The United States has long been a global leader in innovation and production, focusing on high-value exports such as aerospace and biotechnology products while outsourcing the mining of raw materials and intermediate goods manufacturing to the rest of the world. The pandemic has exposed the flaws of such a fragile system as global supply chains froze up, creating a mismatch between goods production and consumption. As a result, there has been a push to “reshore” or bring back critical manufacturing to North America. From semiconductors and green technology to pharmaceuticals, we are in a new age of industrial policy in the U.S., which will significantly increase the amount and variety of goods produced domestically.
Case in Point: The CHIPS and Science Act of 2022.
The CHIPS and Science Act of 2022 provides $280 billion in new funding to boost the domestic research and manufacturing of semiconductors and related technology in the U.S. This has jump-started a massive increase in manufacturing spending, which has doubled since the end of 2021.
At an annualized rate, more than $140 billion in manufacturing construction spending is occurring to produce new high-technology manufacturing plants. Nearly half of this construction spending is concentrated in Arizona and Texas, which are quickly becoming the fastest-growing centers of U.S. manufacturing. Since 2020, the manufacturing workforce of Arizona has grown by 20,000 (9%), with Texas adding 114,000 manufacturing jobs (13%) over this same time period. Once these high-technology manufacturing plants are built, new business ecosystems will grow, with these manufacturing clusters expected to attract additional employment and investment dollars.
While this surge in manufacturing construction spending will lead to increased domestic output in the future, there is already strong demand for U.S. manufactured goods, with new orders for capital goods from domestic manufacturers at record highs.
From post-pandemic supply chain resilience to increasing trade tensions with Russia and China, macroeconomic forces have led to increased federal investments in rebuilding the U.S. industrial base. This new focus on industrial policy seeks to reverse decades of offshoring and outsourcing and will necessitate large injections of capital into U.S. manufacturing.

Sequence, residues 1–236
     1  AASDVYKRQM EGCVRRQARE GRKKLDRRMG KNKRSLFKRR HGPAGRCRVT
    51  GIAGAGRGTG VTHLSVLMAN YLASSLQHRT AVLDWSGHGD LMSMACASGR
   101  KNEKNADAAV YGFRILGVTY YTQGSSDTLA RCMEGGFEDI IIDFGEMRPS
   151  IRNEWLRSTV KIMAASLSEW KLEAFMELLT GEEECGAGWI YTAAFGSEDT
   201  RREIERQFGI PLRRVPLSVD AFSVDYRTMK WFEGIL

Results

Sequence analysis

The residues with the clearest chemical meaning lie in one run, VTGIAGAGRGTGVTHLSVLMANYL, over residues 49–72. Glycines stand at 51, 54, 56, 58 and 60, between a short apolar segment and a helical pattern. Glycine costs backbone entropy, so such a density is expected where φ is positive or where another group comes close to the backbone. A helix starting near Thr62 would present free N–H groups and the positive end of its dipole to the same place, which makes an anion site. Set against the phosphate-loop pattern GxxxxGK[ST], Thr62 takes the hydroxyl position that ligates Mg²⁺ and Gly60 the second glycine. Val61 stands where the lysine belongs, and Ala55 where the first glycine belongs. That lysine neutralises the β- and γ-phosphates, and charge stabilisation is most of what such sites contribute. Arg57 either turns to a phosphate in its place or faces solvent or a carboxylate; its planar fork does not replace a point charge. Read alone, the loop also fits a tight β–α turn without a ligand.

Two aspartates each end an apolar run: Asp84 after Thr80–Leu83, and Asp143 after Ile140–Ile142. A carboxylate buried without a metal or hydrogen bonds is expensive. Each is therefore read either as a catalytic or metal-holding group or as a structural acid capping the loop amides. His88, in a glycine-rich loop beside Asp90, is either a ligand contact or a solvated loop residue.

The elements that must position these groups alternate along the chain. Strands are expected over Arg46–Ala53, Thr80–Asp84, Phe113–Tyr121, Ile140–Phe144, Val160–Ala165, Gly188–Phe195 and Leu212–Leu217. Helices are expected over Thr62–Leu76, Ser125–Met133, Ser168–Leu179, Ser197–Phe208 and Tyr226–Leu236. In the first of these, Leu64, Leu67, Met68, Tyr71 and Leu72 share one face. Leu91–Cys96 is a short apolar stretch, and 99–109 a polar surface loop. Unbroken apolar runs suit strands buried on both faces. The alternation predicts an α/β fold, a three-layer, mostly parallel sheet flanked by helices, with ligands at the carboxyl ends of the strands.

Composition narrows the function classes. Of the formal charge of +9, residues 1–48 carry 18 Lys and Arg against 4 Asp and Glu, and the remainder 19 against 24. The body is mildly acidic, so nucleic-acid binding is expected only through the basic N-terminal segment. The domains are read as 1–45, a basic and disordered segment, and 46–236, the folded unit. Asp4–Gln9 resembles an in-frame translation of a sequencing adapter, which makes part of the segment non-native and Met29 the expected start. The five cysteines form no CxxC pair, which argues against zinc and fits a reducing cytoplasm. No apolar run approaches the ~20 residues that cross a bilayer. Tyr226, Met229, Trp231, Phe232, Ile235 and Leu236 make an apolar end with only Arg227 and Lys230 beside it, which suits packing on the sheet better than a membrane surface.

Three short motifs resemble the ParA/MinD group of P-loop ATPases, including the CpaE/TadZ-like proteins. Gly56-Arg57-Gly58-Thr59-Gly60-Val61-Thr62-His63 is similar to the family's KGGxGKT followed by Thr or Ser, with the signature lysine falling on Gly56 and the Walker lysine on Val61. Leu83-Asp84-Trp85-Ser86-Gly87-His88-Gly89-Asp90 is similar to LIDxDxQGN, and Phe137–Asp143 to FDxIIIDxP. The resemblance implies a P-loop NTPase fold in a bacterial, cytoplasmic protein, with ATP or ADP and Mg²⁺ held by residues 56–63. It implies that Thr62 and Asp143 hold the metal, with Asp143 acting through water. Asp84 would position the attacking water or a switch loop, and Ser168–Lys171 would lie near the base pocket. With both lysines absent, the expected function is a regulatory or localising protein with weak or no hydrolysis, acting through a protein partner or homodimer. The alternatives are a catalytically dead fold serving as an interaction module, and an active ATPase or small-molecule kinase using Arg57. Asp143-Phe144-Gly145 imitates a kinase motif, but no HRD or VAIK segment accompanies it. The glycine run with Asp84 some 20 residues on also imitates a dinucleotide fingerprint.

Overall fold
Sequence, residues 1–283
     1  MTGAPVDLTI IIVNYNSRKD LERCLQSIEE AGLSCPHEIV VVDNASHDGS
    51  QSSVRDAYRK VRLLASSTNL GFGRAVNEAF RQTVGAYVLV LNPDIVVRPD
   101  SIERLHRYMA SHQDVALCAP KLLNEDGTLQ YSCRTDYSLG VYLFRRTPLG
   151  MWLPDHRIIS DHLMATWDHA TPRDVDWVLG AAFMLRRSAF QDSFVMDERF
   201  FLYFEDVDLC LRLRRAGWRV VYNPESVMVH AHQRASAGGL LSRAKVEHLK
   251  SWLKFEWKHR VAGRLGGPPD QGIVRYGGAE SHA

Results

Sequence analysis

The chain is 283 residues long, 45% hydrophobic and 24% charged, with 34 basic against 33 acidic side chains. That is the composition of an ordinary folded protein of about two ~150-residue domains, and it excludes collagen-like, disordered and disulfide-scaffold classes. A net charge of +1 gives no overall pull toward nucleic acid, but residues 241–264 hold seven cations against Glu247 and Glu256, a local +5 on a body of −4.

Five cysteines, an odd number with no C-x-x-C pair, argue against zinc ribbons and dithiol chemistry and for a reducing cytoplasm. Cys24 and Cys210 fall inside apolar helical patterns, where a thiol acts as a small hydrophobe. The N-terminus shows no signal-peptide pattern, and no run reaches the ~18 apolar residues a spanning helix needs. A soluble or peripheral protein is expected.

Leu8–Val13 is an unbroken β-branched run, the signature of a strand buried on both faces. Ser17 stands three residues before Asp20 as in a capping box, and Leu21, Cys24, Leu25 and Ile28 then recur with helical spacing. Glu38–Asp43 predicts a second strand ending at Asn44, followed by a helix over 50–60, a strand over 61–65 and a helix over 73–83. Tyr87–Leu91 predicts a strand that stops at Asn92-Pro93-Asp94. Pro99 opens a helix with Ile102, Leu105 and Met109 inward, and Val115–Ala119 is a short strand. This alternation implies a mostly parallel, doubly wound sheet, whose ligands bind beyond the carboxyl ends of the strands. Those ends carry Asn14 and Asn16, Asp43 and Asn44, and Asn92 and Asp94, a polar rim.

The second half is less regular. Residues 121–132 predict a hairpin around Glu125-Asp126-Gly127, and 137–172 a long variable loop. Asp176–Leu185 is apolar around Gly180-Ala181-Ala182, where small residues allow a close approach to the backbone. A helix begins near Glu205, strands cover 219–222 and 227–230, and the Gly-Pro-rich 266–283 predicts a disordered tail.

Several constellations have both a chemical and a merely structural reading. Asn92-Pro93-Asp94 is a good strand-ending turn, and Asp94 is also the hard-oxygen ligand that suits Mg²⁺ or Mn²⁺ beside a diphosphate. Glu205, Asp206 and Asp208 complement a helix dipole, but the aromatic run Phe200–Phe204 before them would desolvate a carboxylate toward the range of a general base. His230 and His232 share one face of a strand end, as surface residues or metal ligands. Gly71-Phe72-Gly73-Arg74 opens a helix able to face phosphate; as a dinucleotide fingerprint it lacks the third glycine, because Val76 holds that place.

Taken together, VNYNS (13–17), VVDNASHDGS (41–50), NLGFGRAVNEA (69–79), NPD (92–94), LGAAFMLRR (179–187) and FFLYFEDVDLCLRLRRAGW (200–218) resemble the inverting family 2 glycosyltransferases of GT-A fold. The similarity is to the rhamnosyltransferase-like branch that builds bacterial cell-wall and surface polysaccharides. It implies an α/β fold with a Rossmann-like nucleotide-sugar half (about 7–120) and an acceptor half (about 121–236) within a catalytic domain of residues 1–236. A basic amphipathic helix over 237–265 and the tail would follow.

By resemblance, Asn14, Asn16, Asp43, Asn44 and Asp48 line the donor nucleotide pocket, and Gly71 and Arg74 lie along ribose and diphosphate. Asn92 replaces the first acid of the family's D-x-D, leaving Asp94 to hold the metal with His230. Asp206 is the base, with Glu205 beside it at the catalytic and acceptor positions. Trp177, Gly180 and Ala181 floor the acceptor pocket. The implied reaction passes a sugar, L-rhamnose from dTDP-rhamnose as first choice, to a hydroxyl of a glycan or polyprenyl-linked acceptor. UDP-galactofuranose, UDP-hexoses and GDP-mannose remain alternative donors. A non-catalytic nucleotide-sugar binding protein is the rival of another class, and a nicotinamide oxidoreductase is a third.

Demand for U.S. manufacturing expected to positively impact other industries as well.
These high-technology investments will be concentrated in a handful of regions, and while they may be dominated by big-name companies like TSMC and Intel, many thousands of smaller companies will be needed downstream to support the growth of these high-technology clusters.
Since our current logistics and energy infrastructure was not designed to handle the demand of this increased manufacturing boom, additional investment will be required in both energy infrastructure and changing logistics patterns for roads and railways to bring raw materials in and ship finished goods out, creating indirect growth in seemingly unrelated construction and manufacturing companies. This includes the CRE industry, which will see increased activity to support growing demand.
The next 40 years of manufacturing in the U.S. will look nothing like the previous 40. We are currently transitioning to what could very well be the second U.S. industrial revolution.